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Modeling Salinity Exchanges Between the Equatorial Indian Ocean and the Bay of Bengal

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Journal Article

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Naval Research Laboratory Stennis Space Center United States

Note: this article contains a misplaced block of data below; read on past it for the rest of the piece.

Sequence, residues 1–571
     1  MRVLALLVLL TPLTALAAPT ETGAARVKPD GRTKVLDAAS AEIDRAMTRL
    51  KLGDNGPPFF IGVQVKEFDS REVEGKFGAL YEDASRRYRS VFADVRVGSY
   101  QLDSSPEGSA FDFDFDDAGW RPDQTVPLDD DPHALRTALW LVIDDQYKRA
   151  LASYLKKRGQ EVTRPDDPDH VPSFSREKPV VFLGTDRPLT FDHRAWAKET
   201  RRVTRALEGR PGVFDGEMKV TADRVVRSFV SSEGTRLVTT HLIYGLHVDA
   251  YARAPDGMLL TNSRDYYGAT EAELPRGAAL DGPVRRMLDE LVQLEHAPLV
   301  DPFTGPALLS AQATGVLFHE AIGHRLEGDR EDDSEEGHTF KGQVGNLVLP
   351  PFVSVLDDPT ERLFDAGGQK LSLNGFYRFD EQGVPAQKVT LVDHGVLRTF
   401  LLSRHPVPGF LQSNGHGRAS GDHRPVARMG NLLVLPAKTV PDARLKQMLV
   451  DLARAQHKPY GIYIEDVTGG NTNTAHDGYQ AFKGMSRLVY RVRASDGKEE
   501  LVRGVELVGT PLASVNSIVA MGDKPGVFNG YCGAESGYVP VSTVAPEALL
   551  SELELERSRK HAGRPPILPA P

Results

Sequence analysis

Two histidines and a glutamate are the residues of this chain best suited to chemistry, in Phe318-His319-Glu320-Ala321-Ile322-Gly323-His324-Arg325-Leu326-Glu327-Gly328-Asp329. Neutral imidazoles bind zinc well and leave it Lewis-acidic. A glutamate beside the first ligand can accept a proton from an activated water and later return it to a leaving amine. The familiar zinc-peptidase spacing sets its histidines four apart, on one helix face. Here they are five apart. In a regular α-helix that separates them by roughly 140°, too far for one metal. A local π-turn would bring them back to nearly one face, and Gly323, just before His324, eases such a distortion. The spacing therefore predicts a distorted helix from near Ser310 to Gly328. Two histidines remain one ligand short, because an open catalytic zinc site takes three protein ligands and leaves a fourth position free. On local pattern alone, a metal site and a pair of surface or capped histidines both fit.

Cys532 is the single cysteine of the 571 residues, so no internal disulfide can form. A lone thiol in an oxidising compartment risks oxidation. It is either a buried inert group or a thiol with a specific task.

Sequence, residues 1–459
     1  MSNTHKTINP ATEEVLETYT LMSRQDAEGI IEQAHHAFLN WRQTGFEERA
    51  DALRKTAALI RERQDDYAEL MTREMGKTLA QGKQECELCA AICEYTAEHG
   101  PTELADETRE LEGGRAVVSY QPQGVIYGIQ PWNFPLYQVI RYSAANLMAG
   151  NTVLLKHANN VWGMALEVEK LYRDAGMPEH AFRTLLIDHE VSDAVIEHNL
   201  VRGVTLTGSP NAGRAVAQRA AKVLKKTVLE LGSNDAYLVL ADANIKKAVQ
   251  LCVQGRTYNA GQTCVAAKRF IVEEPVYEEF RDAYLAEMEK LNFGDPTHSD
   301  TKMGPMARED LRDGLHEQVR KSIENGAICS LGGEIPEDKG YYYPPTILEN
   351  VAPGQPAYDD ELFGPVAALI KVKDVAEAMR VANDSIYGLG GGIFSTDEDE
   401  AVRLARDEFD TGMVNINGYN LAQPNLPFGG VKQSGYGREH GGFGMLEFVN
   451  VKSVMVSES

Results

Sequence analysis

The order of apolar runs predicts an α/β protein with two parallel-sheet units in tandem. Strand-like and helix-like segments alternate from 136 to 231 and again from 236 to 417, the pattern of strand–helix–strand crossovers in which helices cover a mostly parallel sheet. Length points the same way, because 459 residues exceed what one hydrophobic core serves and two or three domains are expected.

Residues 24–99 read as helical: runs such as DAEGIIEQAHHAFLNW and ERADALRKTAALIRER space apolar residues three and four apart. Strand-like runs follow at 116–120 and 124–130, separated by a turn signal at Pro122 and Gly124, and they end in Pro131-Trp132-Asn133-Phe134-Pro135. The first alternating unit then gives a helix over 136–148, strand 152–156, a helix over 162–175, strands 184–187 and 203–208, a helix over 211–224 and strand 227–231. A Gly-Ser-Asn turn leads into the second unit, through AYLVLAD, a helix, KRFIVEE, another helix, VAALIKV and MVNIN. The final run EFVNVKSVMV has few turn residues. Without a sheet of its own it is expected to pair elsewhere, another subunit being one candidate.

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With a focus on the Bay of Bengal, models ranging from a 112.5 global ocean model to a 14 regional Indian Ocean model to a 2 km local high-resolution coupled model are used to simulate salinity exchanges in the Indian Ocean. Global Hybrid Coordinate Ocean Model simulations show a surprisingly large persistent flow of high-salinity water from the equatorial Indian Ocean into the Bay of Bengal during the northeast monsoon, although it is weaker than during the southwest monsoon. On average, salt is transported into the Bay of Bengal between 83E and 95E, and low-salinity water flows southward near the east coast of Sri Lanka and east of 95E. The Regional Ocean Modeling System shows that knowledge of river input of freshwater is essential for modeling surface salinities correctly in the Bay of Bengal. High-resolution coupled model simulations are in agreement with recent observations and show that a strong subsurface current with a speed of about 1 m s -1 intrudes into the Bay of Bengal beneath southward-flowing low-salinity water during the northeast monsoon. The subsurface high-salinity water, which originates in the northern Arabian Sea, spreads northward into the Bay of Bengal and downward along constant density surfaces. North of 10N, the model simulation implies that mixing takes place on density surfaces at depths of 100 -150 m after advection of cold, low-salinity water from the north, and subsequent stirring of the two water masses. Vertical diffusion plays an insignificant role in this mixing.

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